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How Indigenous Tribes Are Fighting the Drug Cartels

All across Latin America, drug traffickers are invading indigenous peoples' land. Here's how they're fighting back.
A member of the Embera-Wounaan Image: Wikimedia

Over the past few years, strangers have begun approaching youngsters in the Embera-Wounaan, an indigenous tribe in Panama, with an uncanny request. Carry a bag of rice across the jungle for us, and you’ll earn American dollars. It’s dead simple, they say. A four-hour trek across the jungle at night is worth $200 in cash, straight away.

A few took the offer, carried the bags, and got the bucks. But others alerted local community leaders. Word eventually reached 43-year-old Candido Menzua, cacique of the Embera-Wounaan.


“There are no rice plantations over there,” the chieftain explained. He ordered more stringent patrolling over the 430,000 hectares controlled by his people. This wasn’t the first and likely won’t be the last time the Embera have crossed paths with drug-traffickers, and, by now, he knows their trade.

The Embera-Wounaan’s case isn’t unique. For the past five years, forest communities throughout the region have been clashing with organized crime over their lands. Woodlands from Mexico to Panamá have been plundered and destroyed, with conflicts ranging from those rice bag parades at midnight to gunshots and murder in Michoacán, where locals stood up against cartels.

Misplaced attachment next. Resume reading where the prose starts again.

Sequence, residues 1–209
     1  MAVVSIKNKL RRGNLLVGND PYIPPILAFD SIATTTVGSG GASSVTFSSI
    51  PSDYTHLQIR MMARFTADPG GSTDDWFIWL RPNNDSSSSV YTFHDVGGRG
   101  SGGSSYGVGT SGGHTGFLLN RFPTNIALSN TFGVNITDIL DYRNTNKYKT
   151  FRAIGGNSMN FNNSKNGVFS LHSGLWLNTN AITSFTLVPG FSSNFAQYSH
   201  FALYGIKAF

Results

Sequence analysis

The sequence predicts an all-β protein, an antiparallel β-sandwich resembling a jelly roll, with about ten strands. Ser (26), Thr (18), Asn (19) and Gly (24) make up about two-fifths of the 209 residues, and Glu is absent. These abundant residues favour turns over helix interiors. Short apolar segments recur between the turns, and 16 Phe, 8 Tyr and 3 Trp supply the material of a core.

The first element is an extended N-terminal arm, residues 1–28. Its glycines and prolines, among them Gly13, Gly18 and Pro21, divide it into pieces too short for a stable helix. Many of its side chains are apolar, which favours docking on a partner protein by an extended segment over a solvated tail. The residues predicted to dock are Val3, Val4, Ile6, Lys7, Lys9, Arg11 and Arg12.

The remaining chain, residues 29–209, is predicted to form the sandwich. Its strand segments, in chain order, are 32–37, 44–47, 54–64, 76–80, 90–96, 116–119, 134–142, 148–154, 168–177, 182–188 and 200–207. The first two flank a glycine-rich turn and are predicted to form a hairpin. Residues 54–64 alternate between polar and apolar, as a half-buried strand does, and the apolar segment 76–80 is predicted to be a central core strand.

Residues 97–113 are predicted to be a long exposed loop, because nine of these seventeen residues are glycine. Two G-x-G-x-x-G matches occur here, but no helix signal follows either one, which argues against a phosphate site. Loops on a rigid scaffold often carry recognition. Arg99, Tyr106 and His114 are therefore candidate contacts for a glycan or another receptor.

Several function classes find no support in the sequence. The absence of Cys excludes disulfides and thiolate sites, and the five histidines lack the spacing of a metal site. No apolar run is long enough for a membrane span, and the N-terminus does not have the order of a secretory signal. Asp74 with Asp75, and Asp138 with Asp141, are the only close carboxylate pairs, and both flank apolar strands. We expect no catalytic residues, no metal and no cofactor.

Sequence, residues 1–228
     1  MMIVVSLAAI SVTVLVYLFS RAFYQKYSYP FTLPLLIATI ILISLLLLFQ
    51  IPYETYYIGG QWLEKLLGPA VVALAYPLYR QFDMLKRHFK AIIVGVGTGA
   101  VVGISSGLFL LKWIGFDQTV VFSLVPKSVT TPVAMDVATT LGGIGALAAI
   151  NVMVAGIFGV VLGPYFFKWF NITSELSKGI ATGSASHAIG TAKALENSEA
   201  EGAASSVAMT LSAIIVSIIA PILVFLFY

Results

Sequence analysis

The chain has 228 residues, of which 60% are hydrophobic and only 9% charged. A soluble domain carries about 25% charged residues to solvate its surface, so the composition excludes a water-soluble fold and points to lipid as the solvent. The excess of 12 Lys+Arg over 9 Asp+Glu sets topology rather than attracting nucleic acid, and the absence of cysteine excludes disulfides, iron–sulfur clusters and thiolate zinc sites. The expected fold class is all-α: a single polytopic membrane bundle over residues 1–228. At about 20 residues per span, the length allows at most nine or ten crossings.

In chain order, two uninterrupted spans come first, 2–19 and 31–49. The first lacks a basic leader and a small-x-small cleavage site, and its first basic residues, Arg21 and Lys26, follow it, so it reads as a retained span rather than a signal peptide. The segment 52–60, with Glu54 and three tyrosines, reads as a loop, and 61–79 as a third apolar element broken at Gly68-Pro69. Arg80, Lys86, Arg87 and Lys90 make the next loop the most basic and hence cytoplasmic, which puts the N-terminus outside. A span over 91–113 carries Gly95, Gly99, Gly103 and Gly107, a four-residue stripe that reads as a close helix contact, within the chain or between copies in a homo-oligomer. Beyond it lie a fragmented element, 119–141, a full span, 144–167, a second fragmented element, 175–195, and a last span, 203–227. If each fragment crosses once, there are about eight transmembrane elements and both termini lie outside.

As he tells his story in the lobby of the ritzy hotel Wyndham Herradura, home to one of Costa Rica’s largest convention centers, cacique Menzua casts a striking figure. He’s wearing a beaded, multicolored short skirt, dusty slippers, and, as Rambo would carry his ammunition, two long white-blue beaded chains across his bare chest, while the rest of the attendance flashes ties or broided shirts. Tourists and businessmen might consider him out of place.

Except he isn’t. Right now, this is exactly where he needs to be.

In fact, it’s because of him—or rather, indigenous leaders like him—that experts, policy makers and community leaders have flown to Costa Rica from all over the region for a two-day long conference on how these well-organized forest communities are able to challenge cartels over their land. They seem to have come up with an answer for this war against drug lords, easy-looking money and deforestation: constant vigilance. As Menzua speaks from San José, his people in Panamá keep watch over the jungle. Talk about commitment.


“The bags were moved by nighttime. Really, who transports rice at night?” Menzua cried, considering the plight of his 10,000-strong community.